Daren:
To a certain extent everybody. I mean, yes, you need the employers in the room because, what is it they want? I think it was 2016, The Economist did a survey of the top 10 skills that they wanted from future employees and communication, collaboration, creativity and critical thinking were right at the top there. So those kind of what do they actually want is what it's about. Because you can have somebody who's got badges up their arm or a whole stack of qualifications, but that doesn't make them the right person for a job with a certain company.

Daren:
Equally I think we've got an opportunity to change things, but everyone's got to understand it. And with the change from As to Gs to nines to ones, that was incredibly messy. I feel sorry for some employers now, who are trying to make sense of not just the students, like this person is this age and they've got As to Gs and this person is this age, and they've got nines to ones. But you've got the ones in the middle who've got some nine to ones and some As to Gs and some distinctions. And how on earth are you supposed to make sense of that? Because you haven't got time as an employer to go through and go, well, they did that in that year, so that would have been when they were ...

Daren:
What does it actually mean? So ultimately I think a lot of, for this generation, a lot of things are going to come down to what do they bring to the table as people. And them as a person is probably more important. Are they able to learn new things? Because let's be honest the idea of a career as being one job, forget about it. Everybody's-

Patrick:
Yeah, absolutely, there's no job for life anymore is there?

Daren:
No.

Patrick:
And I mean, a few years ago, I think it was maybe about four years ago, KPMG and PricewaterhouseCoopers decided that what they were going to do was when there were applicants for a job, they were not going to look at any exam results or education history. They were going to treat each individual as they walked through. They were going to pass them on criteria and allow them to come in to interview. Which means that if you got four GCSEs to your name, there was still a chance you could get in front of the people. Because you might be the best talker and the best skilled person for that job. And it's not based on how many A stars or grade ones or grade nines or whatever you happen to have. And that's definitely a change.

Patrick:
So exams, I suppose, become less relevant. But that does certainly does not mean that the learning stops. And it does not mean that the teaching changes. It just means that our path to assessment of how we are getting on with our learning stays.

Patrick:
Let's talk podcast for a second. Let's switch gears and let's talk podcasting. I have to say, Daren, the first time that I listened to you was on your Short And Sweet podcast. But I mentioned that at the very outset, and then you said, "No, no, no, no, no, no. There's another podcast series coming." So tell me about that as well. So, tell me where you're up to at the minute.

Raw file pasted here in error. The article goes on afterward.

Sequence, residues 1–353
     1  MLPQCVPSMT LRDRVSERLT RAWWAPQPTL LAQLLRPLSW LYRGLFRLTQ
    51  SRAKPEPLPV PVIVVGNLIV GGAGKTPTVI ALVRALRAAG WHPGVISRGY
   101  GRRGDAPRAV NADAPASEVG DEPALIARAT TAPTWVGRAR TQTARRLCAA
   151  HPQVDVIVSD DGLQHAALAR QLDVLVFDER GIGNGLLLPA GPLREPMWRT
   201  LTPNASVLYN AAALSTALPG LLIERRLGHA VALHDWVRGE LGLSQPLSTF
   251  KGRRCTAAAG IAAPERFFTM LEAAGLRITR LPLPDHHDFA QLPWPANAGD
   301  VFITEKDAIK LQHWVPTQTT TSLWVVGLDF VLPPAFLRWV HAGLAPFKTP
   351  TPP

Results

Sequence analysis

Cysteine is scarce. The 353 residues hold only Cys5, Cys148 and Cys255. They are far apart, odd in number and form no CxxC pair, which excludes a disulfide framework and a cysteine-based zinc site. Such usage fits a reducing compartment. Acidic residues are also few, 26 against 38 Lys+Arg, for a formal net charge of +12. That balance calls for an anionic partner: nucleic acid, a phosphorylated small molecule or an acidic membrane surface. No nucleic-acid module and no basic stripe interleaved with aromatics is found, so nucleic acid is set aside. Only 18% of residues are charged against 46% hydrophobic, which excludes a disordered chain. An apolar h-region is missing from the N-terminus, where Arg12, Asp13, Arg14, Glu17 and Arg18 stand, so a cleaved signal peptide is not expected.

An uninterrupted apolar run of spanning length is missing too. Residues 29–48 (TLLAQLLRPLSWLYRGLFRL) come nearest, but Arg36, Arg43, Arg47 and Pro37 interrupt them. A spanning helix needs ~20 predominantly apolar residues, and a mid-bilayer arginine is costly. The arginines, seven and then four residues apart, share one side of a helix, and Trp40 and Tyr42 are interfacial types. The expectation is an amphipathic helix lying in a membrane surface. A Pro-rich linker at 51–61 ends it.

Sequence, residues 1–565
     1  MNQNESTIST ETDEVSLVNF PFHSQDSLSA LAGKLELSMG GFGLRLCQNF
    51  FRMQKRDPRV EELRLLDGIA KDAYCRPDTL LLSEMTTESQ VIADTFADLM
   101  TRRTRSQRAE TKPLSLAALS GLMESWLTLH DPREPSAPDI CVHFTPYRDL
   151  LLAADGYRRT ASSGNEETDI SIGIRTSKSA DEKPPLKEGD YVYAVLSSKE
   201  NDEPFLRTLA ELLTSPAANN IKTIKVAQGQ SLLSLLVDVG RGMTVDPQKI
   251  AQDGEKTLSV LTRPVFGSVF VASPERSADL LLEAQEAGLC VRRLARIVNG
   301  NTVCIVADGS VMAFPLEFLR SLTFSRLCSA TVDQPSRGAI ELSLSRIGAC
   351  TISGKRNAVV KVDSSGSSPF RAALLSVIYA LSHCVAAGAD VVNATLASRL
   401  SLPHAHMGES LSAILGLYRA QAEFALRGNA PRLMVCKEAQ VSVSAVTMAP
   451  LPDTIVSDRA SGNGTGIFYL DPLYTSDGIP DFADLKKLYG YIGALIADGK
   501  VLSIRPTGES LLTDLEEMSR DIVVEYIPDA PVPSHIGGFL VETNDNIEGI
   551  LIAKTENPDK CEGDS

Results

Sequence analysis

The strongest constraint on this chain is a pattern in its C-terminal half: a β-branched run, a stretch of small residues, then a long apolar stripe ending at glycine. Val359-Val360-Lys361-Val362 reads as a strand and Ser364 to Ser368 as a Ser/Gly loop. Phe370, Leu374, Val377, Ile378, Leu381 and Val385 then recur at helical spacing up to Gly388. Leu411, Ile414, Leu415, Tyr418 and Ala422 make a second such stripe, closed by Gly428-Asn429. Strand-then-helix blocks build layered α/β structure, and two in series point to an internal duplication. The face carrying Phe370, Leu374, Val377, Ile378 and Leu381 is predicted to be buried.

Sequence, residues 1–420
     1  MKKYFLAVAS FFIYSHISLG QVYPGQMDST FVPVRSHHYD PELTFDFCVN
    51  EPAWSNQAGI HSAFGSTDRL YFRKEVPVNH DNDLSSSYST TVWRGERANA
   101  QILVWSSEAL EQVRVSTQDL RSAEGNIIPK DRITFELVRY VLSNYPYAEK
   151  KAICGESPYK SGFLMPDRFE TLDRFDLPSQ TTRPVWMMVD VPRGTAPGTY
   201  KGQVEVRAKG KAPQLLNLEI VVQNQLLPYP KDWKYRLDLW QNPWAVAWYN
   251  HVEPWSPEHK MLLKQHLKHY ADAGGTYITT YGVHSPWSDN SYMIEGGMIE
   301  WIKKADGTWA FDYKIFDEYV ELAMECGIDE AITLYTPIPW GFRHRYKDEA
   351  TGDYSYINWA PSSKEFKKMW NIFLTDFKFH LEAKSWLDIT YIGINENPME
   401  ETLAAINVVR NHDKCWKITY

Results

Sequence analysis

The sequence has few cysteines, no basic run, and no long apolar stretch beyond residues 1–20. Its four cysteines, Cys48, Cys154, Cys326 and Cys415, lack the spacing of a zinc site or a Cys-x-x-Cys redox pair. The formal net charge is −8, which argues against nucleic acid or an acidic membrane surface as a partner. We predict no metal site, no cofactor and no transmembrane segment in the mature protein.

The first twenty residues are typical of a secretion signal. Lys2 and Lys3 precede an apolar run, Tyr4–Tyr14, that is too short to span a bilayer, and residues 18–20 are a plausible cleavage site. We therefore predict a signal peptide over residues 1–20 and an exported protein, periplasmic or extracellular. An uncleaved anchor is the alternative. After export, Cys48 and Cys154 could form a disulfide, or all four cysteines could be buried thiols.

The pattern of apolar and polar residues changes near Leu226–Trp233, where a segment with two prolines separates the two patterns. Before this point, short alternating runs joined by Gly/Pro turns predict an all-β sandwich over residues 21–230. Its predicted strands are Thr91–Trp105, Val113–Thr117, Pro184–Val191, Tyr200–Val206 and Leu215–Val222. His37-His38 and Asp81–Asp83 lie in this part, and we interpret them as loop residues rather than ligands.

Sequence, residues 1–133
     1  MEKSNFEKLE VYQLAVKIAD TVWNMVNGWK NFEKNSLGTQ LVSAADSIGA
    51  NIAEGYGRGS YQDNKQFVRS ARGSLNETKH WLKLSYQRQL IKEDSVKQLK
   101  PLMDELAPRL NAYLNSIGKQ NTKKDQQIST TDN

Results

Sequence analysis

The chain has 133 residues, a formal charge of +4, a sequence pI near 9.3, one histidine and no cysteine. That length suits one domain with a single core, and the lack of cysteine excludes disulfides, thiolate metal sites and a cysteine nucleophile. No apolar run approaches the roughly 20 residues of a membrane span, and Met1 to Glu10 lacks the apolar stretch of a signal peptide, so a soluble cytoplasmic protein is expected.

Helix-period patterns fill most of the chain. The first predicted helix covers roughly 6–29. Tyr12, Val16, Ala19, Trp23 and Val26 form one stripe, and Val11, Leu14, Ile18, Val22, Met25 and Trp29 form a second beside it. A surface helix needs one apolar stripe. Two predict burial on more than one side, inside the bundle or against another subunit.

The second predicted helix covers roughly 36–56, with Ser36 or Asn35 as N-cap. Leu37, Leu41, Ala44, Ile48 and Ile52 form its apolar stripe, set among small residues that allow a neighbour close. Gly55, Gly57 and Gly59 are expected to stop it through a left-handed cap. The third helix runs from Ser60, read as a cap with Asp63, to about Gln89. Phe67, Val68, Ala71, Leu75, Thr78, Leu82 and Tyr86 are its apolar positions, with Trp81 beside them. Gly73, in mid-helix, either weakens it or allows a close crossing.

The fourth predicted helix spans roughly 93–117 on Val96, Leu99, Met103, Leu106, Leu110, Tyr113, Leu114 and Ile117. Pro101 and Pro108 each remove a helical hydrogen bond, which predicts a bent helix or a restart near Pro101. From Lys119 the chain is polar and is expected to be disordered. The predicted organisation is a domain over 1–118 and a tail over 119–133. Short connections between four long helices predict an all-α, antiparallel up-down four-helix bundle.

Daren:
So, I've only pushed out the first episode so far. But My Ed Tech Buddies, which works alongside and complements my Innovator Project, is basically a new podcast where I am interviewing a range of different people, ed tech experts, teacher trainers, coaches, school leaders, teachers themselves, ultimately also graduates of the program to show their own journeys, what they've learned from it. What lessons they've learned. But with a view to, well, for two reasons really. One, I'm fed up of listening to the TV and the news and everything being about certain things.

Patrick:
Aren't we all, yeah.

Daren:
And actually I've really got into podcasts myself. But also really, easy things to do as well. And actually could be a brilliant teaching and learning tool. Why not make a podcast for your class? A 15 minute podcast. Instead of trying to drag kids in for revision sessions, let them listen to the podcast.

Patrick:
Absolutely. Yeah, yeah. Absolutely right.

Daren:
And if people could see how easy it is to do it, why not, super, super simple.

Patrick:
Totally. Well there, so tell me, give us a bit more about My Ed Tech Buddy, I'm really interested, you talked about it, and I've been following it on Twitter, but for those people who haven't been giving it a close eye, tell us how people get involved and tell us what they can achieve through your project.

Daren:
Okay. So, My Ed Tech Buddy was basically product of VIA20, the Virtual Innovator Academy. And my goal was to come up with a way of helping teachers build their confidence using technology. So I wanted it to be interactive. But I also wanted it to be very bite-sized and available when they wanted to do it. So originally I was thinking of like when you're sitting in the toilet and things like that. Oh, I've got five minutes, what can I do? Which is not a great visual image.

Daren:
But then looking at the kind of audience I was going for, I wanted it to be available on their phone or on their laptop, but not feel like another piece of technology. Which is why I decided to build the majority of it on Book Creator.

Patrick:
Oh right, didn't know that. Yeah.

Daren: